The large majority of the rock excavation is done with TBM’s. In cross sections and in some more difficult places Drilling and Blasting is used. Once complete, BBT will be the longest railway tunnel in the world with the length of 55 kilometers. Total length of the tunnels will be overwhelming 230 kilometers.
Working with two countries’ authorities and regulations had been a challenging task. Traditional tunneling methods are different in each country which demanded adjusting plans to please both authorities. Austrians are used to New-Austrian-Tunneling-Method (NATM) whereas Italians use ADECO-RS (Analysis of Controlled Deformations in Rock and Soils) method. Originally exploration tunnel was meant to be used to gather information for tender phase but getting over 5000 permits in both countries resulted delay from the very beginning. Thus, excavation of the main tunnels had to be started before exploration tunnel was ready.
Long tunnel brings also other challenges like where to put all the excavated rock mass that was over 7 million cubic-meters in just lot H51 section that we visited. For this purpose project rented a whole valley to be used as a landfill. Level of the ground surface will rise around 150 meters for distance of over 500 meters. Current stage of the construction can be estimated from the volume of excavated rock. There is still some work to be done. Current estimate for the whole tunnel to be finished and operational was 2028.
After the interesting tour we headed back to Innsbruck to enjoy some food and free time.
Saturday was a chill day for us. First we went to Starkenberger’s brewery where we tasted local beer and also we got familiar with traditional German style of making pilsner and lager. After few beer we headed up to the Aqua Dome spa. Spa was really nice, like the ones in Baden-Baden. After 2 hours of swimming and relaxing, we drove back to the hostel where some of us continued the evening at the city and rest of us went to sleep. What a good day in Innsbruck.
On Sunday morning, Day 7, everyone woke up on their on time since we didn’t have any plans early in the morning. The were two good options for passing time before continuing our trip to Munich: One car drove up to the Hafelekar mountain to see the spectacular view over the city, the other car went to another mountain to see a beautiful mountain farm and to drive down the hill by unmotorized carts. Afterwards both cars continued their way to Munich. After arriving to the hotel and check-in we went to hang out with fellow engineering students from Technical university of munchen (TUM). A student representative showed us around in the campus and also served us a traditional bavarian dinner in their association room, which of course included some local beer. Everyone enjoyed the night very much and we got to share the study and some professional experience with local students. It seems so that their system is after all very similar to ours.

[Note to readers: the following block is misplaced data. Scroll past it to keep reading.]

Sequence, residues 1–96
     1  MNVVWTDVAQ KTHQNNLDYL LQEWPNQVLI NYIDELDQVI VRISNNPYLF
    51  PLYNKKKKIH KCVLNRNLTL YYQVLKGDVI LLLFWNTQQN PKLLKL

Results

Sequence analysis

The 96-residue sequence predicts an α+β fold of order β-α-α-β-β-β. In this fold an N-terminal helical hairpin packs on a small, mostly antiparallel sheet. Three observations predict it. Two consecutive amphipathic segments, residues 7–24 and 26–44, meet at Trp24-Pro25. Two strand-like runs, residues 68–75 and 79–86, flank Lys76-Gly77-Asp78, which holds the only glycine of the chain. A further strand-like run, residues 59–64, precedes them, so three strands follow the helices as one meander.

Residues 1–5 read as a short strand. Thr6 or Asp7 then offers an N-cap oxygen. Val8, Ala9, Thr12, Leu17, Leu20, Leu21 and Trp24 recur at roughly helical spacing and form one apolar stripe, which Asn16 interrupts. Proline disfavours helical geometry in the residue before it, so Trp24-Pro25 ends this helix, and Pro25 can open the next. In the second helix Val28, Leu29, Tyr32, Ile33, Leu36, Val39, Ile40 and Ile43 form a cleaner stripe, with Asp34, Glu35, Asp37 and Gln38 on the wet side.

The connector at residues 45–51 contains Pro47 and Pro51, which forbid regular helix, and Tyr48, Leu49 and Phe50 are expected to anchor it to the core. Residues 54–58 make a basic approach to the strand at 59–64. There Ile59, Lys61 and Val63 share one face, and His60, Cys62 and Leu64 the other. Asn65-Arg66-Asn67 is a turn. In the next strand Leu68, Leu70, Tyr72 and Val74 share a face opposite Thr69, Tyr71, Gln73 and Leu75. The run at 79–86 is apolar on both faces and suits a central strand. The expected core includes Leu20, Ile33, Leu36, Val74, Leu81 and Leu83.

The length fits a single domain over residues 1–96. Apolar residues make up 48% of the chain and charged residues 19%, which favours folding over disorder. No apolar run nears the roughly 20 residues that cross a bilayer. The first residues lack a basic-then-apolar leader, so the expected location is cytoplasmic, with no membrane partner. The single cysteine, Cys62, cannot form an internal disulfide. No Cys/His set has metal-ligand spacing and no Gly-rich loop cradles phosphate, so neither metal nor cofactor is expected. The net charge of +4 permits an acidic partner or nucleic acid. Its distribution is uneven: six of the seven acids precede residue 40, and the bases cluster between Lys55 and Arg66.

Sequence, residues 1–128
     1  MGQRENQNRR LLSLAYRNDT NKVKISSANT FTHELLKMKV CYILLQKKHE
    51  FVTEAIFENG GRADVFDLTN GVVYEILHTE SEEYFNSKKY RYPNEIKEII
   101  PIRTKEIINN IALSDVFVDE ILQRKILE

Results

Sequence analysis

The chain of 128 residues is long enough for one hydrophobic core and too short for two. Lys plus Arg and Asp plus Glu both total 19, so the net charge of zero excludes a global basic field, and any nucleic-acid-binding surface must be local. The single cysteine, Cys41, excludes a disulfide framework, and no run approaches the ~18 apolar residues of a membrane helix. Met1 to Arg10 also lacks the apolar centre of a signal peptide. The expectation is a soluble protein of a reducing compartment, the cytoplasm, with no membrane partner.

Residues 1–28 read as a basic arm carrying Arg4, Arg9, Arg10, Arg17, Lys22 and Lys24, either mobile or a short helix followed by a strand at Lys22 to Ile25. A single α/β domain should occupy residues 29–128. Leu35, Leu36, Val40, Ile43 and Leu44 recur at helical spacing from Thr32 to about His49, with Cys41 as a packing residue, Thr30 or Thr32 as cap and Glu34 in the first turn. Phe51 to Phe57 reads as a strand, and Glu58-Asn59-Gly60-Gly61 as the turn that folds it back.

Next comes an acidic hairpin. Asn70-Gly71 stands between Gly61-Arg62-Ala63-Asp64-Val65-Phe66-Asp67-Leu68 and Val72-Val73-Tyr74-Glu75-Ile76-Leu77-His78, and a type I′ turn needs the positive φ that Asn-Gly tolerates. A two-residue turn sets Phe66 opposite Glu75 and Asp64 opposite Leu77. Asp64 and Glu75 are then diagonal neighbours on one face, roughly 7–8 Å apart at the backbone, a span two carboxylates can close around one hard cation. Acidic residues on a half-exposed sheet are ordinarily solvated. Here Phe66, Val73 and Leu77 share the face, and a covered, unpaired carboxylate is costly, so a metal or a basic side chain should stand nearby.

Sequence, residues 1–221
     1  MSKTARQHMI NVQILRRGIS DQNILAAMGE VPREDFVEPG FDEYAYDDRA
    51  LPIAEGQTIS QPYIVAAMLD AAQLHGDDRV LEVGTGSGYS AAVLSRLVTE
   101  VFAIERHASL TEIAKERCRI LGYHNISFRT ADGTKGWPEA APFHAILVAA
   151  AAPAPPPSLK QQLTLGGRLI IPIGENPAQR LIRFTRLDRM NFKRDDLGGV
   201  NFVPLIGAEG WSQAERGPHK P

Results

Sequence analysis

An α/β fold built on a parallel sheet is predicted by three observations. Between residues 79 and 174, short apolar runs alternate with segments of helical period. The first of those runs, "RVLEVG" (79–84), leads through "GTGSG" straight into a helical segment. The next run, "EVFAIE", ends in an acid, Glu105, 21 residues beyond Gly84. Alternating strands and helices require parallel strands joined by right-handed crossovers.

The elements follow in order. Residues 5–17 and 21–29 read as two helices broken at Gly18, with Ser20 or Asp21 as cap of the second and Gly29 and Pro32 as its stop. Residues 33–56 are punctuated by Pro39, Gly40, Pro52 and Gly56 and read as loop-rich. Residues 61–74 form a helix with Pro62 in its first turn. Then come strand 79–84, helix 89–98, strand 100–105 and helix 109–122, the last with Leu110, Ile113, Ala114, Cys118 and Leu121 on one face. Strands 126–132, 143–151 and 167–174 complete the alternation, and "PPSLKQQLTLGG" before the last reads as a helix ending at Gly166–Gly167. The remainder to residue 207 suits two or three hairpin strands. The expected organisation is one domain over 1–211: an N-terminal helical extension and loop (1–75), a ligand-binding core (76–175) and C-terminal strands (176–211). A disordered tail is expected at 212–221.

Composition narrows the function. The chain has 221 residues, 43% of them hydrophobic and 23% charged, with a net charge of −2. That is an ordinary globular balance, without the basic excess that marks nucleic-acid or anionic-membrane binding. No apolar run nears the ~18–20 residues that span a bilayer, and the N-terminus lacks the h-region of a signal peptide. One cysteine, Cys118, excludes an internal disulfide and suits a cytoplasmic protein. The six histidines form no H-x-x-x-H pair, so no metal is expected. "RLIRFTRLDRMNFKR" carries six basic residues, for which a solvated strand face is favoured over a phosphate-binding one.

On monday morning we had an excursion in TUM’s geotechnical laboratory. On our way to the laboratory with got to experience a big city traffic jam. Fortunately we reserved enough time for the transportation and got there on time. The laboratory host was very kind person and ethusiastic in explaining us not only what they do but also why is their work important for the society. We learned that constant researsh is imperative for coming up with smarter and more cost-effective solutions in geotechnical operations.
After the excursion, we had the rest of the day free, so everyone had an opportunity to explore the city and enjoy sunny weather.
In the last excursion day we visited the Bauer manufacturing plant. The plant was located in Aresing city a 40 min driving distance from Munich. Christine, from Student Council for Civil, Environmental and Geoengineering, joined us for the excursion. We met her on Sunday when we were visiting their place in the campus. On the way to the destination we saw authentic views of German countryside.
Bauer group is a leading provider of services, equipment and products related to ground and groundwater. Bauer group is divided into three segments: Construction, Equipment and Resources. Bauer’s manufacturing plant in the Arusing was focused on assembling rotary drilling machines and cutters and it was under the Equipment segment.
In the factory area there was presented different production stages which they are doing in Aresing. We got nice overall figure what is done there and we could see a wide range of different rotary drilling digs and cutters. It was interesting to learn about the technologies inside those machines. For example, the amount of hydraulic equipment inside those machines is impressive. There can be 1000 liters of hydraulic oil in bigger machines.
Afternoon we spent exploring the city. We went to discover the city centrum, enjoyed good weather and hanged out with local students. All in all, the last full day of the trip was exiting. It was very interesting to see machines that usually doesn’t exist in Finland. Many thanks to Bauer group for today’s excursion! Thank you our hosts!